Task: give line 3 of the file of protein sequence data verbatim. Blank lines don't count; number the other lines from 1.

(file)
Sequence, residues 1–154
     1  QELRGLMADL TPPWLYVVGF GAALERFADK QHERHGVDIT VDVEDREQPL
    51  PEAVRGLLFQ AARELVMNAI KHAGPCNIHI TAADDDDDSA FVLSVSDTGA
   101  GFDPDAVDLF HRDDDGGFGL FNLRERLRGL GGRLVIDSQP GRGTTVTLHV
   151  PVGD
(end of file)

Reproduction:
    51  PEAVRGLLFQ AARELVMNAI KHAGPCNIHI TAADDDDDSA FVLSVSDTGA